Radio and Health

As the slogan ‘February Dus, Yaad Rakhna Baas’ echoed through the halls of the empty school building, few children playing in the yard were intrigued.

As the slogan ‘February Dus, Yaad Rakhna Baas’ echoed through the halls of the empty school building, few children playing in the yard were intrigued. What happens on February 10? What was so important? Unlike other forms of communication, Radio reigns supreme in the Bhadrak district of Odisha and large parts of the community still depend on it for their news and other information. The slogan aimed to create awareness among the public about the dangers of Filariasis – 10th February being the day when the health department planned to provide free medicines and treatment for filaria in the district.

Among other policies, the government comes up with several health schemes and programmes every year and radio plays a massive role in disseminating this valuable information among the public. The decentralisation of information in today’s time is a necessity. Often it is observed that the masses for which most policies are created in India remain unaware of them. A country that suffers from some of the most troubling statistics on malnourishment, poverty, health and gender disparity needs to come together and deploy everything in its arsenal to change this picture. There remains a rural-urban divide in the health status of the population. Rural India suffers from diarrhea, amoebiasis, typhoid, infectious hepatitis, worm infestations, measles, malaria, tuberculosis, whooping cough, respiratory infections, pneumonia and other diseases. Non-communicable diseases such as cancer, mental illness, hypertension, diabetes, accidents and injuries are also present in troubling numbers.

The National Family Health Survey 2029-2021 states that the Infant Mortality Rate of the country stands at 35.2%. 60.2% of women are anemic between the ages of 15 to 19 and 58.5% between the ages of 15 to 49. 3.1% of adults (men and women) get screened for cancer and 28.1% of adults (men and women) suffer from hypertension. While some improvements have been made in recent
times, the numbers still remain troubling and can stand in comparison to Sub-Saharan Africa. Unsafe and unhygienic birth practices, unclean water, poor nutrition, subhuman habitats, and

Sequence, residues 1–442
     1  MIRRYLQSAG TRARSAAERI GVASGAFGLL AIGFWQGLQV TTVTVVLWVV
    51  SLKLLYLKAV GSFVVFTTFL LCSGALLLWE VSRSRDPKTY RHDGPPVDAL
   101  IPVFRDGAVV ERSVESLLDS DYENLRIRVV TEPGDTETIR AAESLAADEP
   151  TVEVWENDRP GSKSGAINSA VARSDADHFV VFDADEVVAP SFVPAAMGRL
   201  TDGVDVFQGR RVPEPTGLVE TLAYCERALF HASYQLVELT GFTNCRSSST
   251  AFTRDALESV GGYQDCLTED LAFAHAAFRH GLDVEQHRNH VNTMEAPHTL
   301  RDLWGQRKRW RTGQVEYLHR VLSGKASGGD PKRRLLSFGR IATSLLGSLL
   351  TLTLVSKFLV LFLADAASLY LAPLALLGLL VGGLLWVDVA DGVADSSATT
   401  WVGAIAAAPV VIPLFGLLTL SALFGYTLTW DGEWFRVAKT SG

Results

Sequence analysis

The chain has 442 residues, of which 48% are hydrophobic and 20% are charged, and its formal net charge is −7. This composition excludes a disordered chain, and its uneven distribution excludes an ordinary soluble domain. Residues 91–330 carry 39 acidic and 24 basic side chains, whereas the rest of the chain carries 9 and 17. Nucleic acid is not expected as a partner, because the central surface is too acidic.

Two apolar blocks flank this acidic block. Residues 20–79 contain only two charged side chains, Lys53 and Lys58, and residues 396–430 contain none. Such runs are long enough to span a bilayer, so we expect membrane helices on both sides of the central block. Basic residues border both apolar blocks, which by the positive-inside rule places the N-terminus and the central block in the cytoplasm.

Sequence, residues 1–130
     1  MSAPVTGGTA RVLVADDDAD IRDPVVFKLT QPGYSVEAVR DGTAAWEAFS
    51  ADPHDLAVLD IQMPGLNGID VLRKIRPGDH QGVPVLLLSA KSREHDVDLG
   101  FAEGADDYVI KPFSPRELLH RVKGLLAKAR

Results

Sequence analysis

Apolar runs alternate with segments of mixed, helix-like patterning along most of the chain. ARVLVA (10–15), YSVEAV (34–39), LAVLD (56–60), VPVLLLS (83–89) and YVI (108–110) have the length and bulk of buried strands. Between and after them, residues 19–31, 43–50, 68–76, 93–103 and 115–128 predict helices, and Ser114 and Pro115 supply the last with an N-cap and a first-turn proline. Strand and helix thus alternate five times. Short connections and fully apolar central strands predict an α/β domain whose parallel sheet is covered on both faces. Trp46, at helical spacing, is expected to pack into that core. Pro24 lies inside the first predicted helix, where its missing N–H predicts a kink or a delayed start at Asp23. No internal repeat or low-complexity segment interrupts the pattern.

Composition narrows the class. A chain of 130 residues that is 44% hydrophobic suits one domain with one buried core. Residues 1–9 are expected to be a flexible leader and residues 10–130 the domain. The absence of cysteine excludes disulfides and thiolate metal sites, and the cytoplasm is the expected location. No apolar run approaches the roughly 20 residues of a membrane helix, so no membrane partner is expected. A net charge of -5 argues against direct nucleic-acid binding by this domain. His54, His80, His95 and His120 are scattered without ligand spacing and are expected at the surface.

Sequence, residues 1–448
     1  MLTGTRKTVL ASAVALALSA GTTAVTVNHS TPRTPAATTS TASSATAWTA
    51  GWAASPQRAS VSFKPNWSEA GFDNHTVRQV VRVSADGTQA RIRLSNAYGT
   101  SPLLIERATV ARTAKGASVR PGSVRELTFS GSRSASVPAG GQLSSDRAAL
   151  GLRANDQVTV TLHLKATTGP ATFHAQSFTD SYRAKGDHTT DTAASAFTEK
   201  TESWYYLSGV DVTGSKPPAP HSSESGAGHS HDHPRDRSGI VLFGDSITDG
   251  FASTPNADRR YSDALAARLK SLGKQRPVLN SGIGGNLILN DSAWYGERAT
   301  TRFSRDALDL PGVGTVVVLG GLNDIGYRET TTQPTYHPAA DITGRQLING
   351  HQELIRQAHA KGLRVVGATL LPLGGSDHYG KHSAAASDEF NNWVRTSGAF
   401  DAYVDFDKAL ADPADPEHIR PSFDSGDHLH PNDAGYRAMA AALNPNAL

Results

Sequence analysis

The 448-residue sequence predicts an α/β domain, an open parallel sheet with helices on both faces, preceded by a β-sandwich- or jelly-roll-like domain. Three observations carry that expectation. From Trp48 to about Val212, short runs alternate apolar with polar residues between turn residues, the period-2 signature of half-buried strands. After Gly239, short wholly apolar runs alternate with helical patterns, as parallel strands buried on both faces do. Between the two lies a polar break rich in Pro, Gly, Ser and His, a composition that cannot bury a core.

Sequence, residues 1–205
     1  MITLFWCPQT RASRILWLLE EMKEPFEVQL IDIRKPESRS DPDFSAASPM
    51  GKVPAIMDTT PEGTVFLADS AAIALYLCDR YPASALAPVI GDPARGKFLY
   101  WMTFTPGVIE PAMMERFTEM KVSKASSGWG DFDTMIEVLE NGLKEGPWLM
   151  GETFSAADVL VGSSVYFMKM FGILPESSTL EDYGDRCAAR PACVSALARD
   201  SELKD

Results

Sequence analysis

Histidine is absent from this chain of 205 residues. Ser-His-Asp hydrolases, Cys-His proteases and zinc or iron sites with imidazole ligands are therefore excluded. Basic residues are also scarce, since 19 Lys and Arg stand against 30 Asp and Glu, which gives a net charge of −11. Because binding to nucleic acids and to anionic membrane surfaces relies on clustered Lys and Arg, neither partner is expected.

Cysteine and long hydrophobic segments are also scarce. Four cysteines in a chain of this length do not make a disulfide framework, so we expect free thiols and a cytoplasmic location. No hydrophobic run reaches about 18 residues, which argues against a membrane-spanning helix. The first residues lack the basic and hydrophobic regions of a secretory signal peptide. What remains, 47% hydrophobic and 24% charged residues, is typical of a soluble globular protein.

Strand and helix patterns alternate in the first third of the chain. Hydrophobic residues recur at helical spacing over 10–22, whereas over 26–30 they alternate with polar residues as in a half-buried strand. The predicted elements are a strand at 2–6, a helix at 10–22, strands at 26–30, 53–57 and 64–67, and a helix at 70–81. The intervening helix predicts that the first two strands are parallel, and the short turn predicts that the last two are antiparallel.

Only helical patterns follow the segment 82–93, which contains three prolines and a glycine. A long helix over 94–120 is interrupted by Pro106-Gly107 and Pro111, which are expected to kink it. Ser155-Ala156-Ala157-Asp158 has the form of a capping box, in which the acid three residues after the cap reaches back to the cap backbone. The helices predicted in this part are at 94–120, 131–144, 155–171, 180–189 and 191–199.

degraded and unsanitary environments are all pertinent challenges to the public health system. The National Population Policy 2000 was devised to improve quality of life including better access
to healthcare and proper medical attention. The National Health Policy 2017 aimed to make healthcare more equitable and affordable for all.

In a huge and diverse country like India, community radio stations are vital when it comes to the health and safety of the population. Radio is why a child from Bhadrak recognises the dangers of
stagnant water while another lady from a remote district of Bihar knows how to care for the health and nutrition of her pregnant sister. In India, radio and health go hand in hand. Community radios are unique and very relevant today. Rural communities still rely on the medium to get their information on the day-to-day happenings/campaigns/policy information. The infrastructure of rural India does not allow for fancy smartphones and Flat-screen televisions to be used – the ‘community’ by and large still listens to the radio.

Listening to the radio is a social event and the force behind the act of congregating and listening to the radio should be acknowledged even in contemporary times. SMART nurtures and protects
this very force. The organization is deeply committed to its audience and its medium of communication – community radio. Rooted firmly in the belief that audio is the best medium to provide information to the most vulnerable and marginalized communities in the country, it has undertaken multiple interventions related to public health.

When the world was reeling from the COVID-19 pandemic that left everyone with uncertainty and fear, SMART started a campaign to spread the importance of mask use across 568 villages in the
country. When the vaccine was developed, SMART worked with 146 community radio stations across 14 states to spread information on the importance of vaccinating them.

SMART has worked extensively in Maharashtra and Bihar to increase awareness of the need for proper nutrition with its POSHAN project. It has done so in fun and engaging ways. It has made
health fun and simple. SMART has worked on an awareness campaign on Kala Azar and the PM- Jay mission in Uttar Pradesh. It is involved extensively in 6 high burden states in India to realise
India’s commitment to a #TBMuktBharat by 2025. The programme called ‘The TB Challenge’ is an extremely vital programme that poses its own challenges. The need to establish liaisons with
government officials, PHCs, and ASHA workers and more importantly to get one foot in the door within communities with these issues that face such serious social stigma is not an easy feat.

The work being done at SMART is not simply relaying information from one source to another. The team works hard to understand the profile of the communities they engage with and to create
communication matrices that would have the most impact. Each programme is thoroughly researched and tested before implementation. With the increasing bureaucratisation of the social
sector where numbers are more important than human stories, SMART is working tirelessly to keep the human ethos of listening to the radio alive. It stands by the belief that community radios
are relevant and the pulse of rural India like the gospel truth.